6. Check for safety and teach rules; then let them explore independently
In our Tucson yard we have all kinds of dangers and creepy crawlies: scorpions, spiders, snakes, spines, but I also value my kids having a connection to the natural environment and being able to experience it on their own terms. Soooo what's a mother to do? From when my kids started walking we taught them how to be safe and what the limits were to their territory. We modeled this, reinforced this, supervised them from a distance until, I'm happy to report, at a young age they're able to play in the garden without me hovering. Additionally, we are careful to not create habitat near play areas (wood piles, low bushes) and I always check for snakes and safety before the boys come out. The rules we taught:
Always wear sunscreen and/or sun hat
NEVER put your fingers in holes in the ground
If you pick up rocks, always look for creatures underneath and on the rock
Ask if it's OK to eat that plant
Creatures (bees, snakes, scorpions, etc) will not hurt you unless you mess with them. So don't mess with them! And tell an adult right away if you see something.
7. Let go and let them plant
Planting is one of the most exciting parts of gardening. Though enthusiastic, there is no way kids can pull off a recommended 1/4 in depth or 3 in spacing... So let it go. At best you'll be able to give general direction about where to plant and ration out a handful of seeds, but mostly it will be a free for all. When I was very pregnant with one son and the other was a toddler, we mixed all the seeds we wanted to plant together in a mixing bowl, he threw them around and I raked them in. Best winter garden ever! In Arizona we basically have a warm season (March-September) and a cool season (October-February). Be sure to check a local planting guide for details. Within those seasonal parameters- have fun! Here are some pointers for YOU to not stress the planting details:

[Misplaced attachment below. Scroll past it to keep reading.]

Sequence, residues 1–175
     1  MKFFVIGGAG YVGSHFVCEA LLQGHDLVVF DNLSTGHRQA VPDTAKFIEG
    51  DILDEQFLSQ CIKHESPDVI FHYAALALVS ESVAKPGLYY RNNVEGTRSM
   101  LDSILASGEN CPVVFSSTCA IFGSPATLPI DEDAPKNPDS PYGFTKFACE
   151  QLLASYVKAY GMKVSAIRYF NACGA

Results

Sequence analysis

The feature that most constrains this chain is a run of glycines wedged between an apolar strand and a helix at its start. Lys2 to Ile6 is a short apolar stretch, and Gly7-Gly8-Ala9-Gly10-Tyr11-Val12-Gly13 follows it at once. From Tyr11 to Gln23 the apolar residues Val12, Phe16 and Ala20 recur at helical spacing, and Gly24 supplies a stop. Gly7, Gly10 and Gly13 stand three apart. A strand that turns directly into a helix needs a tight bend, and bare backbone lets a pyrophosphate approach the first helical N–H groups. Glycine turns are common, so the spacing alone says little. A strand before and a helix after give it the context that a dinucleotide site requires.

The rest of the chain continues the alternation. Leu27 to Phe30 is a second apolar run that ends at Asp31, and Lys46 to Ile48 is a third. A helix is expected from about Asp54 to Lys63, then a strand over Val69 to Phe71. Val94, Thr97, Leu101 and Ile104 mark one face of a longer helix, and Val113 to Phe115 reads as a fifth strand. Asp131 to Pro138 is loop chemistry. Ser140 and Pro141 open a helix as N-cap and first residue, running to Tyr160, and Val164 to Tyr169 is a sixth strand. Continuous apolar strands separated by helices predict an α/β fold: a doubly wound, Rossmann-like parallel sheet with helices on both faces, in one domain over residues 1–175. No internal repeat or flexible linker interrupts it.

Don't let the kids plant the fancy, rare, expensive seed! Use old seed, saved seed or cheap seed.
Plan on thinning or planting additional seedlings once you see where things have germinated.
Have a sense of humor and keep it positive so your kids feel motivated and proud,"great job planting 100 bean seeds in on hole!" Gulp...
I think I'll have a snack
8. Encourage “grazing"
Use organic and natural gardening methods, avoid toxic plants (oleander, tobacco, some flowers) and teach kids to differentiate between plants so you can confidently say, "go have a snack in the garden." I continue to be shocked at the things my little kids will eat if they pick it themselves (arugula! amaranth! asparagus, oh my!). Once when my 2 year old was munching on raw kale (!!) in the garden, I tried an experiment: I gave him a bowl and had him pick more to take inside. But as soon as the vegetable was in the kitchen, he wouldn't touch it. Gardening is an incredibly powerful way to teach your kids healthy habits for life. Tasting different vegetables in a garden setting is a positive, fun way to encourage picky eaters.
So what are you waiting for?! Get planting! Let me know if you need a hand!